Recently selected articles: Extratropical cyclone, Ice Storm of 1998, More...

Did you know...

...that the Oklahoma Mesonet is a network of 121 weather instruments across US state of Oklahoma, providing surface weather observations across the state every five minutes?

...that a SIGMET is an advisory issued for airline crews regarding weather that may impact the safety of the aircraft, including atmospheric convection, icing conditions, or even dust storms?

...that the Antarctic Circumpolar Wave is thought by some scientists to be a very slow-moving wave in the atmosphere and ocean of the far southern hemisphere that circles the globe once every 8 years?

...that the Papagayo Jet is a strong wind that often blows across the Gulf of Papagayo west of Central America, sometimes reaching speeds as high as 30 meters per second (110 km/h; 67 mph)?

...that atmospheric optics is the study of different optical phenomena in the atmosphere, including sunsets, rainbows, and sun dogs?

...that the GME was a numerical weather prediction model run by Deutscher Wetterdienst, the German national meteorological service?

Recent and ongoing weather

This week in weather history...

August 22

1997: Tropical Storm Zita made landfall on the Leizhou Peninsula of China, killing 7 people due to flooding and landslides.

August 23

1853: The World Meteorological Organization, originally the International Meteorological Organization, was formed.

August 24

1893: A hurricane struck New York City, causing major damage, including the complete destruction of Hog Island.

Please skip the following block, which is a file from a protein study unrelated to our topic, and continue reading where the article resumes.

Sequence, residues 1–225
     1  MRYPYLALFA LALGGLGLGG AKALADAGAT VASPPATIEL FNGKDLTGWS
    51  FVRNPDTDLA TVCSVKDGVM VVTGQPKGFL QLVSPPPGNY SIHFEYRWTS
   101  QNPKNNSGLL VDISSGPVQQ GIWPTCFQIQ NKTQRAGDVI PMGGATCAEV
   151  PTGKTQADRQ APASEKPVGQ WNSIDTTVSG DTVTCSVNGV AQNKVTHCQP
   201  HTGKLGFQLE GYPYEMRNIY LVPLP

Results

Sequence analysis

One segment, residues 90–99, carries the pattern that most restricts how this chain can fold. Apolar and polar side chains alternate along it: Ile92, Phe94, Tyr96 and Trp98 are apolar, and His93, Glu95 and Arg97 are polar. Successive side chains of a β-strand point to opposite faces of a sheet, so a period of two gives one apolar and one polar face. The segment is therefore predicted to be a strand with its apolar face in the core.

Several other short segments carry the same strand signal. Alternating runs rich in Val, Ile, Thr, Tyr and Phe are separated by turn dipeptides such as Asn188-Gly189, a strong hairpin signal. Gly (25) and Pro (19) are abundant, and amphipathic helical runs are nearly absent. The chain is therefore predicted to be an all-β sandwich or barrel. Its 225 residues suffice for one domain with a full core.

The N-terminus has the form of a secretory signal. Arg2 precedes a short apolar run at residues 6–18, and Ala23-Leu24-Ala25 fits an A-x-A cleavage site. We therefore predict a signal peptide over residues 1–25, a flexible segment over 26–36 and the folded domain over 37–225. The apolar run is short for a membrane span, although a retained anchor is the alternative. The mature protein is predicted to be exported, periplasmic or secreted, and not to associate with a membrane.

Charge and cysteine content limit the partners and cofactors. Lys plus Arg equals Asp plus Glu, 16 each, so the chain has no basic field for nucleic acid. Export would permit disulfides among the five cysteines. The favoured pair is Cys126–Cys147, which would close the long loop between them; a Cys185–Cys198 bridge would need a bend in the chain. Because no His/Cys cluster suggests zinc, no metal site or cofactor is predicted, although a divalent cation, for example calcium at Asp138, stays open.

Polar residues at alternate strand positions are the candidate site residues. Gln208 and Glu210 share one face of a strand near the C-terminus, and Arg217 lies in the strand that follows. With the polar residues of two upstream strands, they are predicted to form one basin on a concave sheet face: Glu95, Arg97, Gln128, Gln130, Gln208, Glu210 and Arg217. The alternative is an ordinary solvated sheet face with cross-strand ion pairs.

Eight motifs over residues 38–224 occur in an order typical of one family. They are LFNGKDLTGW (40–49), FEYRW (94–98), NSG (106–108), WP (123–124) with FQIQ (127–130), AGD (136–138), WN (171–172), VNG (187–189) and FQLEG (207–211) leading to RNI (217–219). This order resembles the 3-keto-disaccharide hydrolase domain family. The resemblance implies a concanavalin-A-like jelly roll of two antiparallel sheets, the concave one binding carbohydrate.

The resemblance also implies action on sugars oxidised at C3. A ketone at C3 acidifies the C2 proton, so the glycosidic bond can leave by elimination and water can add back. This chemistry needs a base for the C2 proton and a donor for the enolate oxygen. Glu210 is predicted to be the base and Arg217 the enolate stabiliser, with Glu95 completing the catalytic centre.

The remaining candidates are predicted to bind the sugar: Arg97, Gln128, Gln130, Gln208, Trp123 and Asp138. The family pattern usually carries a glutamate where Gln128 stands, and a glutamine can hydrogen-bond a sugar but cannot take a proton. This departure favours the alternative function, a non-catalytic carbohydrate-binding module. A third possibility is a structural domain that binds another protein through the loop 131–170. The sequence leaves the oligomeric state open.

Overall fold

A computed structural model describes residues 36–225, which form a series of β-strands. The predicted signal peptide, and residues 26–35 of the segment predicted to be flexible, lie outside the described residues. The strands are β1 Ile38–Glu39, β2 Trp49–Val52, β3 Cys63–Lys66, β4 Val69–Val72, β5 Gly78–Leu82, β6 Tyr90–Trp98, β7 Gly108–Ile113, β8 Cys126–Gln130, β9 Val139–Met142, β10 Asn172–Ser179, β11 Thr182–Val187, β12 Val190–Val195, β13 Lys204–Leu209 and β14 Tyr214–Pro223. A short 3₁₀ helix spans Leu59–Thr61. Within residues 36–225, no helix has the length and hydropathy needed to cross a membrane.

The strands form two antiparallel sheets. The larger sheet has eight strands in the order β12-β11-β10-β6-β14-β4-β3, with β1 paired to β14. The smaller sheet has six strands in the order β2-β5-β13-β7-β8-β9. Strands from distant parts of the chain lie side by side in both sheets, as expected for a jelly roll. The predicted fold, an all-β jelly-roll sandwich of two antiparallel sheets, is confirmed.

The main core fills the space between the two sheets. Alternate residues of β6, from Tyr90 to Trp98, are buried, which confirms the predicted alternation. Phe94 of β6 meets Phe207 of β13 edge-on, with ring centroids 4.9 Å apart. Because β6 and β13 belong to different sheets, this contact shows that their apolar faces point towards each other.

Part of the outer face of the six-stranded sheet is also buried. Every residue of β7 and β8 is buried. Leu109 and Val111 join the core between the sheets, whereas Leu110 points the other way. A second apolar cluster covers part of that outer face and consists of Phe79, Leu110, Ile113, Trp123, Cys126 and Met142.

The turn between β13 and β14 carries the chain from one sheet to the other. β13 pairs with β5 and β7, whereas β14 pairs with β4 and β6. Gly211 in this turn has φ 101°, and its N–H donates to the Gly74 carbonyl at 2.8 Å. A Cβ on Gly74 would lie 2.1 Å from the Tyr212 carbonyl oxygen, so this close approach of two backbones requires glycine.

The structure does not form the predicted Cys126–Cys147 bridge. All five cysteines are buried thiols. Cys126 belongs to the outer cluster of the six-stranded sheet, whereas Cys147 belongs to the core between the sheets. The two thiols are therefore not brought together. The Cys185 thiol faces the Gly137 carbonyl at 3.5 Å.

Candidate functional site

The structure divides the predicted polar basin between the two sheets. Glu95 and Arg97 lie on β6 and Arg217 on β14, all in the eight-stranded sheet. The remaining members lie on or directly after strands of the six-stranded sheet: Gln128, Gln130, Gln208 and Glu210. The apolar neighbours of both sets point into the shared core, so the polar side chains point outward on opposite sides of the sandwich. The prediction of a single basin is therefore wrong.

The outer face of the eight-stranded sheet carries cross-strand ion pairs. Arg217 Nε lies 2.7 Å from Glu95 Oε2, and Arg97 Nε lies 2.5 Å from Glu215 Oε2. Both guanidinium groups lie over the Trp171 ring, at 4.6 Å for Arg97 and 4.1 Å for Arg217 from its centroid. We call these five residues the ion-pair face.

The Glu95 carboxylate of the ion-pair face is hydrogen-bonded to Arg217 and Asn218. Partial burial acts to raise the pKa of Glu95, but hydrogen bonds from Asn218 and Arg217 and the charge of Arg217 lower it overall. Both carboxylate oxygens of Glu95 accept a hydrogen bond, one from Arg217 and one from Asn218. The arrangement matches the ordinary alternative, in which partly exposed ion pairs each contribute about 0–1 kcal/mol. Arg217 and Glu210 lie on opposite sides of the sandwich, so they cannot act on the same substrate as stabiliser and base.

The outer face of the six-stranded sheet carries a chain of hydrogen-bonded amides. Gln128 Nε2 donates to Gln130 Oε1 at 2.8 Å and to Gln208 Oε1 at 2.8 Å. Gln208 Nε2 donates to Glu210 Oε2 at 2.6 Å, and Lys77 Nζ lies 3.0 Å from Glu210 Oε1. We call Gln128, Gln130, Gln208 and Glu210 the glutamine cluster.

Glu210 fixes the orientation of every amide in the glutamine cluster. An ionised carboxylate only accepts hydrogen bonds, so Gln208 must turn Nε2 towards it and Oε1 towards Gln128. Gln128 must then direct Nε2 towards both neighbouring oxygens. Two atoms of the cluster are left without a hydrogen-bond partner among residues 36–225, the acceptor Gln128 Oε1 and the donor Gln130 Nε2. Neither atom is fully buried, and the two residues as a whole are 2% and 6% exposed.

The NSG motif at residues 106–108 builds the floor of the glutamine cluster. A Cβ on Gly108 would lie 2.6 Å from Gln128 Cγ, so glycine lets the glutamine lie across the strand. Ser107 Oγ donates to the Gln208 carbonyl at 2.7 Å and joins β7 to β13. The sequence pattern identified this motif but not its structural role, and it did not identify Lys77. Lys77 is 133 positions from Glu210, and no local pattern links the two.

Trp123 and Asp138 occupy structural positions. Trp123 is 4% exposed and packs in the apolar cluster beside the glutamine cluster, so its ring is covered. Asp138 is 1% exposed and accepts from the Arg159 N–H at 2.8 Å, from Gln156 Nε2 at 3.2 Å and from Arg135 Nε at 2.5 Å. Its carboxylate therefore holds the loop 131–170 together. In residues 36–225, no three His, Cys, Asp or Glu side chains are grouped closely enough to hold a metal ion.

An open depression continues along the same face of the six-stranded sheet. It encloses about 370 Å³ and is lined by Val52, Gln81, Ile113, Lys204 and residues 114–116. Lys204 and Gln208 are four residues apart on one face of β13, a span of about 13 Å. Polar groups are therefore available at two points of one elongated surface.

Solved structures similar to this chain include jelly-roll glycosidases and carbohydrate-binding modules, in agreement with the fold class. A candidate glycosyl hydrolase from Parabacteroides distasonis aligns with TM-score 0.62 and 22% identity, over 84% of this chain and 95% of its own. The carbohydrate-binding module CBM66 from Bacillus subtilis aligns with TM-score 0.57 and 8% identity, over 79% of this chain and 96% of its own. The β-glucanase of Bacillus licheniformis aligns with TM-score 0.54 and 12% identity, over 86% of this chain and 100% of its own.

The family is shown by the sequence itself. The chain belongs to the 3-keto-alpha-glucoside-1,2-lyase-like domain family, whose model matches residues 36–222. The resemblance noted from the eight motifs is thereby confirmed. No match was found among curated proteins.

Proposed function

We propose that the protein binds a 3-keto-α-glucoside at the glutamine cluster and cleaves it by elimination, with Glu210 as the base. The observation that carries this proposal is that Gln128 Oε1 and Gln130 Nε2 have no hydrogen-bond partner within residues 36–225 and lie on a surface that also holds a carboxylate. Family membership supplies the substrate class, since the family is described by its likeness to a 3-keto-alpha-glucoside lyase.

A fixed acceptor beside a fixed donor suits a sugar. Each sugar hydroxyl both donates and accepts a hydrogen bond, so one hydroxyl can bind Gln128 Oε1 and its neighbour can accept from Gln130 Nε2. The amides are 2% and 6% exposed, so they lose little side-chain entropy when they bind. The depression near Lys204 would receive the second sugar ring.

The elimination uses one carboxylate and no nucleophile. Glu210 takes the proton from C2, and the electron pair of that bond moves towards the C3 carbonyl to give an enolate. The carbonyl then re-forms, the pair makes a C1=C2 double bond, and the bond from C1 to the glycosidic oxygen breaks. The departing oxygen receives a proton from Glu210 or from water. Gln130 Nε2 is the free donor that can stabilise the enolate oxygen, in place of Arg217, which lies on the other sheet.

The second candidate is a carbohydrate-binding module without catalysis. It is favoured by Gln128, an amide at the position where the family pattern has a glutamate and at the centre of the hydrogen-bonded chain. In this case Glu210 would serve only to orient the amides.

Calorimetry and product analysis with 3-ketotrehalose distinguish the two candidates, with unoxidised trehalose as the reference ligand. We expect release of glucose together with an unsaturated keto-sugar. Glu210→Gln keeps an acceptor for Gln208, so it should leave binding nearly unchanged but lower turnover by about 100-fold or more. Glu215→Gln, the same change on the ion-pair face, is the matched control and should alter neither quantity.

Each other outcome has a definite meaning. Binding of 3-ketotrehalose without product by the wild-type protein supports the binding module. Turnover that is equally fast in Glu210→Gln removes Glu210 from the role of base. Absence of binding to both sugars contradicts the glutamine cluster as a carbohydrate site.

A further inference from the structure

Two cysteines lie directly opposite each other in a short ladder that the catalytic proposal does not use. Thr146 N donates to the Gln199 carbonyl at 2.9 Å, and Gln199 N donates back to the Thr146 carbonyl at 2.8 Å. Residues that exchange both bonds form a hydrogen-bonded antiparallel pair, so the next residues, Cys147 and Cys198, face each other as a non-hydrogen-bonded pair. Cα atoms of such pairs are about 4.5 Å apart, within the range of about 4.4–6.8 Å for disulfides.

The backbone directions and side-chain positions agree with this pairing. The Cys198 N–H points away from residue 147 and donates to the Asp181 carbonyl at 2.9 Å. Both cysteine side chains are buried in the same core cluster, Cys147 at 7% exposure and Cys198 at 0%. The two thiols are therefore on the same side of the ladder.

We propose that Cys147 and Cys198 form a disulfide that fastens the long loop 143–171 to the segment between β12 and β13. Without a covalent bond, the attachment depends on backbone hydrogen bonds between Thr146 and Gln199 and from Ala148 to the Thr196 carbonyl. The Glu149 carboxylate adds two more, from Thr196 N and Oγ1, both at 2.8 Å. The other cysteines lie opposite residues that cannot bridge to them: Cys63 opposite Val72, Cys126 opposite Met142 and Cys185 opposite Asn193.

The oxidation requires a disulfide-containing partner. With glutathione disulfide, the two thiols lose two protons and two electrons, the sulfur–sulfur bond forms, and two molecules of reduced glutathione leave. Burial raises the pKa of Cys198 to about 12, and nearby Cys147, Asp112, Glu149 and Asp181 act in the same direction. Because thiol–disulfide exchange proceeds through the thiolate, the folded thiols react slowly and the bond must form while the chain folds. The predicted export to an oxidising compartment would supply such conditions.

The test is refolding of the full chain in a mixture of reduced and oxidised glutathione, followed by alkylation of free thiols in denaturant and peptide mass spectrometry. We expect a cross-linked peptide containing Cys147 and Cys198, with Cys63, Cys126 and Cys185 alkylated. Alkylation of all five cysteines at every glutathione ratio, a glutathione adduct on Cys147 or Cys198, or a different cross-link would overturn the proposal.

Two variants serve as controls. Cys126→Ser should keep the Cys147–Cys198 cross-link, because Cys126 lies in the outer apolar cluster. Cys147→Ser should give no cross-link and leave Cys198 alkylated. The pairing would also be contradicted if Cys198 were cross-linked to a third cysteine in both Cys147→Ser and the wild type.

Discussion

August 25

1635: A major hurricane struck southeastern New England, killing more than 46 people.

August 26

2017: Hurricane Harvey made landfall near Rockport, Texas before stalling for several days and producing up to 60 inches (150 cm) of rain in Southeast Texas. This was the most rainfall on record in the United States from a tropical cyclone.

August 27

1989: Hurricane Kiko (1989) struck the southern tip of Baja California as a category 3 hurricane, but caused no deaths.

August 28

1983: Hurricane Barry made landfall about 35 miles (56 km) south of the Texas border, in the Mexican state of Tamaulipas. Hundreds of homes were destroyed, but no one was killed.

Selected biography

Portrait of John Dalton FRS

John Dalton FRS (6 September 1766 – 27 July 1844) was an English chemist, meteorologist and physicist. He is best known for his research into colour blindness and his pioneering work in the development of modern atomic theory, which came out of his initial interest in meteorology and atmospheric chemistry. He aided in the rediscovery of George Hadley's theory of atmospheric circulation: the Hadley cell, and published a book, Meteorological Observations and Essays, where he speculated on the nature of the atmosphere, its motion, and its chemistry.

Recently selected biographies: Sir George Stokes, Clement Lindley Wragge, More...

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Wikiprojects

WikiProject Meteorology is a collaborative effort by dozens of Wikipedians to improve the quality of meteorology- and weather-related articles. If you would like to help, visit the project talk page, and see what needs doing.

WikiProject Severe weather is a similar project specific to articles about severe weather. Their talk page is located here.

WikiProject Tropical cyclones is a daughter project of WikiProject meteorology. The dozens of semi-active members and several full-time members focus on improving Wikipdia's coverage of tropical cyclones.

WikiProject Non-tropical storms is a collaborative project to improve articles related to winter storms, wind storms, and extratropical weather.

Wikipedia is a fully collaborative effort by volunteers. So if you see something you think you can improve, be bold and get to editing! We appreciate any help you can provide!